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A Spinosaurus aegypticus has just caught a large eel, which is still struggling to liberate itself from the predator’s bite. Unfortunately for the eel, Spinosaur teeth and jaws are designed to catch fish.

Paleo-Art in Progress: Spinosaurus, Part 1

I have been continuing to practice my skills in paleo-art and landscapes. Maybe someday I can get a piece on permanent display in a museum somewhere.

I asked a friend to pick a dinosaur he’d like to see me paint, and he suggested Spinosaurus aegypticus. It was ideal for me to challenge myself. This creature was not like other theropod dinosaurs (all known carnivorous dinosaurs are theropods), so for artists who are used to drawing Tyrannosaurus rex and Velociraptor, this is a good chance to expand their hoirizons.

In addition to being the T. rex-killer from Jurassic Park III, Spinosaurus has grabbed headlines over the last few years for being a dinosaur that likely led a semi-aquatic lifestyle and preyed on fish. In many respects, from a lengthy torso and long narrow jaws to the conical shape of its teeth and its flat feet, it bears strong similarities to modern crocodilians that are specialized to hunt fish.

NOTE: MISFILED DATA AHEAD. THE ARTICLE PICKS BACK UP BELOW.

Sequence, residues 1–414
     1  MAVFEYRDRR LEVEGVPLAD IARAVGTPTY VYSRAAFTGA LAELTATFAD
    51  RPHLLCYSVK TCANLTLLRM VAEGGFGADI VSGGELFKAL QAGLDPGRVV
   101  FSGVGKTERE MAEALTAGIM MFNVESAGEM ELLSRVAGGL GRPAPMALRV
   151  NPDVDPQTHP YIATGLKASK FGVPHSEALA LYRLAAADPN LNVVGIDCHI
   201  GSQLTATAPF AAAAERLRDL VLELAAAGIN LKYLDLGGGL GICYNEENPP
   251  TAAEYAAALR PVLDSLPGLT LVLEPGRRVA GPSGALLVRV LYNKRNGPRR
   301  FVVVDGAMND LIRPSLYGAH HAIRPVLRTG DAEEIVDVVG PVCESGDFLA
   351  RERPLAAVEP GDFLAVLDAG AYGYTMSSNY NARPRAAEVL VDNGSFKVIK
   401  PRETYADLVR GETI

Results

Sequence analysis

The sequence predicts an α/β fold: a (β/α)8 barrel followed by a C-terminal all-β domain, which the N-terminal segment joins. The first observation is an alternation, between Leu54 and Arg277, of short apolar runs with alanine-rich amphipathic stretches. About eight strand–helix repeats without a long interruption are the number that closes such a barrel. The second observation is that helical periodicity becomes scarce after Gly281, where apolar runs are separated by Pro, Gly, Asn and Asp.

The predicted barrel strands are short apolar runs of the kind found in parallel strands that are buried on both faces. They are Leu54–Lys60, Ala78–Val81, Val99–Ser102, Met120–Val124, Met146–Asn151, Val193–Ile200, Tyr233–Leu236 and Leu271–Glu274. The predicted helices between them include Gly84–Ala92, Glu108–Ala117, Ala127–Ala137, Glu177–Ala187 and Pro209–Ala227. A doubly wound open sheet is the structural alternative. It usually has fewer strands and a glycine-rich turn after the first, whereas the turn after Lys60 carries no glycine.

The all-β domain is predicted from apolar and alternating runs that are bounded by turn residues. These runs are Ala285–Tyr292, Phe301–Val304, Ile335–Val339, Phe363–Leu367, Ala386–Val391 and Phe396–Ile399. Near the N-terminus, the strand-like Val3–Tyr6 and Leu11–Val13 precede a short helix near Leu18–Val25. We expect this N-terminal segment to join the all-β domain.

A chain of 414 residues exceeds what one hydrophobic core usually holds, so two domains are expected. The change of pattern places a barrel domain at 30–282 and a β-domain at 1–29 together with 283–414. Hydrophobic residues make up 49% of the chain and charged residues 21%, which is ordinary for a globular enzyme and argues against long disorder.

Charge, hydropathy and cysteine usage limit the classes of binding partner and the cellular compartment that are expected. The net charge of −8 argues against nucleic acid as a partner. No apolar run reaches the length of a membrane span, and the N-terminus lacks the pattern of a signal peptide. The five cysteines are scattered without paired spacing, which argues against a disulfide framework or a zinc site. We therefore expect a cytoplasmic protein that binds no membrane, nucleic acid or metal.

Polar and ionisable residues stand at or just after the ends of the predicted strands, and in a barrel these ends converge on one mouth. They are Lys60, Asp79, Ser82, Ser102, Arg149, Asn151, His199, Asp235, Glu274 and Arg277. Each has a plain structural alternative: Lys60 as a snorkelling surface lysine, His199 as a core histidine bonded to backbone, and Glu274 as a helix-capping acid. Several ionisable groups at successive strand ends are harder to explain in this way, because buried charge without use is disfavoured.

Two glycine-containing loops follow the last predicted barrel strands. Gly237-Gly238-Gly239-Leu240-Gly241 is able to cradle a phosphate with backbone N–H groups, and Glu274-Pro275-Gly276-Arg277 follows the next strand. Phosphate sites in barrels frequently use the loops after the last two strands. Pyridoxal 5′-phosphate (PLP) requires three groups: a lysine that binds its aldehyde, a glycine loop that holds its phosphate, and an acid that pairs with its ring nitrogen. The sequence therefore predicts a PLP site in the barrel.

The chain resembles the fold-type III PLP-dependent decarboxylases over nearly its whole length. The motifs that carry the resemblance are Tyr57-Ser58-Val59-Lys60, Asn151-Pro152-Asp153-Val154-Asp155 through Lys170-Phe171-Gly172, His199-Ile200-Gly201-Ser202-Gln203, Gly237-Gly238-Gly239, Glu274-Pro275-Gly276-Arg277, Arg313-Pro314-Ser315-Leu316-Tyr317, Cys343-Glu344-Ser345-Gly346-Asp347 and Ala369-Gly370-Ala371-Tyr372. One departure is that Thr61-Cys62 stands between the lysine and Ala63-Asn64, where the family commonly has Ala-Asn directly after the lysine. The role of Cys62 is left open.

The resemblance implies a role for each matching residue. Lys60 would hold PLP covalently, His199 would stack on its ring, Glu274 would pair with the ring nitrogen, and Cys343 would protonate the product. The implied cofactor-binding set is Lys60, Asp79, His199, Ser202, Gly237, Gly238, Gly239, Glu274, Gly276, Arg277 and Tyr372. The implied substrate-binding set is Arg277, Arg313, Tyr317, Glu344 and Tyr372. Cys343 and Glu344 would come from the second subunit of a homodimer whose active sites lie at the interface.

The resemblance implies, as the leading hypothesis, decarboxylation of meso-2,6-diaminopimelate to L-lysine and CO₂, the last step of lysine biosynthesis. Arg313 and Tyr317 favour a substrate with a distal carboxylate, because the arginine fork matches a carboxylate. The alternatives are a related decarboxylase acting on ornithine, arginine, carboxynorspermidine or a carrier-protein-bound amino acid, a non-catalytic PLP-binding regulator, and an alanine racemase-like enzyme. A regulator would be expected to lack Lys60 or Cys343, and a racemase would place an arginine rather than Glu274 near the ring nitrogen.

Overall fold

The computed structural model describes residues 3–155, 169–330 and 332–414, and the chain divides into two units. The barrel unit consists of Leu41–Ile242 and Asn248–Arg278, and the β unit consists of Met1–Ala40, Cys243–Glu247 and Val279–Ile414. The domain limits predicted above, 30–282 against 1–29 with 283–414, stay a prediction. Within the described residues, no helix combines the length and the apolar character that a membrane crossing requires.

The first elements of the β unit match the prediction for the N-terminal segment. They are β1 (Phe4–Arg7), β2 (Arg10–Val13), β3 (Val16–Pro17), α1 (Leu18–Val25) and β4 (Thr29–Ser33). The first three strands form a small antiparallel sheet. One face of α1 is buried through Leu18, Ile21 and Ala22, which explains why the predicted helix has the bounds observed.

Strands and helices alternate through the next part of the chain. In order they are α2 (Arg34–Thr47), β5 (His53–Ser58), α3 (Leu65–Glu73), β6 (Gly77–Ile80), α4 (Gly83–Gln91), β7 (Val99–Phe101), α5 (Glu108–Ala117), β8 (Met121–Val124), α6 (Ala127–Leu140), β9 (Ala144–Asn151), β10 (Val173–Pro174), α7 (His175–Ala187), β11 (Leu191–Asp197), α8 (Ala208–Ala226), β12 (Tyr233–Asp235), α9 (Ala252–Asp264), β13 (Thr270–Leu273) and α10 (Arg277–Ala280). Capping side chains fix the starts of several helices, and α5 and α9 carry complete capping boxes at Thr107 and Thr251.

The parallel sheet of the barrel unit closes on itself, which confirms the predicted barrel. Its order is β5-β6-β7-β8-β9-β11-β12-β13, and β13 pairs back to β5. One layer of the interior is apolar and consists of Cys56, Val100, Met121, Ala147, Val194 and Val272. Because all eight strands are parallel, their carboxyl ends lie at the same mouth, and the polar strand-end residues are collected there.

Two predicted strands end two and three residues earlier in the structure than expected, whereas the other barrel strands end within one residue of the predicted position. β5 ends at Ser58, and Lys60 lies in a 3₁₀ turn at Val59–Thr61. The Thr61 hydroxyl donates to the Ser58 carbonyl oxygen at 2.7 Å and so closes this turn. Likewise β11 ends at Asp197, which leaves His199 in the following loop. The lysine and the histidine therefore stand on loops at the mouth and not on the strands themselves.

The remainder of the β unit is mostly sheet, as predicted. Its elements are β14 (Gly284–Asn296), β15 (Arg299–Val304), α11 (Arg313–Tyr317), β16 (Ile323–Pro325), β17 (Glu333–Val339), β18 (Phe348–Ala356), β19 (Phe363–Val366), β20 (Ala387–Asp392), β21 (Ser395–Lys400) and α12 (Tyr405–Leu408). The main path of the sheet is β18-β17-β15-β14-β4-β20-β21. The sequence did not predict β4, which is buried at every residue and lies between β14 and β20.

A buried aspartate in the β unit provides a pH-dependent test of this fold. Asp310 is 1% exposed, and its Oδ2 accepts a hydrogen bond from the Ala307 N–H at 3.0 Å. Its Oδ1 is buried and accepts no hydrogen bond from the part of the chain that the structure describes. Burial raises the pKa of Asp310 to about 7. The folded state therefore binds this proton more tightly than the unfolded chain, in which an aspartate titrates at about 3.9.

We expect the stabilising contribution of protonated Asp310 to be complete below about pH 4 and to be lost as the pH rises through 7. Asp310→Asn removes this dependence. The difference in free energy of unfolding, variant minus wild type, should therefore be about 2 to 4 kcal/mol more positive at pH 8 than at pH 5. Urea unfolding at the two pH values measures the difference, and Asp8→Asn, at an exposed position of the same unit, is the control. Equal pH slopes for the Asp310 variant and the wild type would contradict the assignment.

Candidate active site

To reflect this different lifestyle, I decided to portray a Spinosaurus that has just caught a giant eel, still thrashing in its jaws.

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The preliminary sketch.

When this preliminary stage was completed, I traced the design onto a sheet of tracing paper. After that, I used graphite paper to transfer the design onto an 8 x 10 inch masonite board. Then I laid in the base colors with acrylic paint.

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I decided to put in a strong contrast between the dinosaur and the eel by making them red and blue, respectively. This would also help them stand out against the dark background of a swampy forest.

At this stage I wanted to work on the background before concentrating on the animals in the foreground. So I added texture and highlights to the tree bark.

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It became increasingly clear that for this type of painting, the Spinosaur and the eel would have to be darkened considerably. So I simply added darker paint, and now have begun to add in texture on the dinosaur’s skin.

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This is what it looks like now. To be continued...

Much work still waits to be done, but so far I am very happy with how the painting is turning out. I think I’ll add a little more character to the background by painting in a couple of sparse plants and leaves. Then it will be a matter of adding texure, final shades, and highlights to the animals and water. That will be detailed in part 2.